A modern day warrior
Mean, mean stride
Today’s Tom Sawyer
Mean, mean pride
Though his mind is not for rent
Don’t put him down as arrogant
His reserve, a quiet defense
Riding out the day’s events
– Rush, Tom Sawyer
Before Austin Sexton had even taken a step toward the dugout, the crowd was on its feet to give the junior pitcher a standing ovation. Often praised for being among the more baseball-savvy fans around, the 10,000-plus cheering for the Bulldogs stood as one as soon as the reliever – Blake Smith – trotted out of the bullpen.
The crowd on hand knew what it had just seen, understood the fight in every single one of Sexton’s 93 pitches. His line was impressive, certainly, only allowing four hits and one run through 28 batters faced as he notched another win. But more worthy of awe was, as his head coach described it, the battle of every inning, every batter and every pitch on a sticky Saturday night in Starkville.
A Saturday night so hot, a humidity so oppressive that Sexton had to retreat indoors between innings to cool off and keep his body in peak condition to continue fighting a strong, determined and crafty Cal State Fullerton lineup pitch after pitch. MSU head coach John Cohen admitted his star pitcher “battled through some adversity,” some of his own and some as a result of occasional defensive mistakes behind him.
But Sexton, who confidently claimed after the game that he never wore down mentally, never conceded defeat. Every blow he took glanced off his shoulders, the shoulders carrying the hopes of an entire team and 10,000 fans hoping and praying he would hold on. And hold on he did.
CSF coach Rick Vanderhook couldn’t hide his respect for the junior pitcher when speaking in the post-game press conference.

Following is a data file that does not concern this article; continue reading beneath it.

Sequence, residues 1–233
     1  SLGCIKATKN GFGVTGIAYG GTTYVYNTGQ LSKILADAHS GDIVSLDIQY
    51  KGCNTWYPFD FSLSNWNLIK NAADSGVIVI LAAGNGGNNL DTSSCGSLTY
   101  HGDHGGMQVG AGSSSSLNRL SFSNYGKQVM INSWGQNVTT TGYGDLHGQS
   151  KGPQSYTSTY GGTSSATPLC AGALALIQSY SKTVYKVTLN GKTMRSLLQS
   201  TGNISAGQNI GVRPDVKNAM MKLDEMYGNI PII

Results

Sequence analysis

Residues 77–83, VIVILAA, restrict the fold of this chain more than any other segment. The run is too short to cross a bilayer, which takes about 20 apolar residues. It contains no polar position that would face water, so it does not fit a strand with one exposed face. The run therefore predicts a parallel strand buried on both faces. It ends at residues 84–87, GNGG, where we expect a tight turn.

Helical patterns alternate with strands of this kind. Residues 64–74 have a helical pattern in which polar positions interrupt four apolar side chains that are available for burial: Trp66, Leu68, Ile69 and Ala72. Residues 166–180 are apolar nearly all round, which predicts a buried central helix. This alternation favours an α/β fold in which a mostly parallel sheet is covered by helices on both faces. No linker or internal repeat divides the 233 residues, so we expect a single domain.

“I thought Sexton pitched good, but better than that, he made pitches when he had to,” Vanderhook said. “I thought we had him on the ropes multiple times, and he worked his way out of it. Our philosophy is, if you put a pitcher on the ropes three times, he’s gonna break once. He didn’t break.”
Much of that resilience is Sexton’s mental toughness, as well as the physical stamina to last through such a draining game. Much of it, too, is more direct and simple – Sexton’s change-up was working for him, and when that happens, he’s hard to stop.
Cohen, multiple times, has remarked that it’s a pitch an opposing batter can be told is coming and he still won’t be able to hit the ball. And there were plenty of times when Titans’ batters thought they knew what was coming. Plenty more when, whether they knew what was coming or not, they did manage to hit the ball.
But of the 12 batters to put the ball into play, only one managed to score. 11 of the 12, Vanderhook noted with great lament, were left on base. Potential heroes rendered casualties of Sexton’s assault from the mound.
In such tense moments, in high stakes baseball situations, Sexton was the model of cool-under-pressure, even if sweat from the Mississippi heat was constantly soaking into the brim of his hat. With little room for mistakes, he ensured there were none.
“Every single pitch Austin threw tonight had a purpose,” said freshman outfielder Jake Mangum, the person with perhaps the best view of his teammate’s performance. “Every pitch, the crowd was into it. Every pitch, the crowd was behind us. It really did change the game.”
“He’s such a mature kid,” Cohen observed. “He can do anything … He just doesn’t make two bad pitches in a row. That’s a great quality to have at this level.”
Ask Sexton, however, and the explanation is a bit more simple, far less outwardly proud. Whatever factors played a part, whatever talents made it possible are only pieces of his singular goal.
“I needed to come out here and give my team a chance to win,” he said.
As he so often wills himself to do, Sexton got what he wanted. When he left the mound, MSU had the lead. When he left the stadium, they had the win.
Exit the warrior
Today’s Tom Sawyer
He gets high on you
And the energy you trade
He gets right on to the friction of the day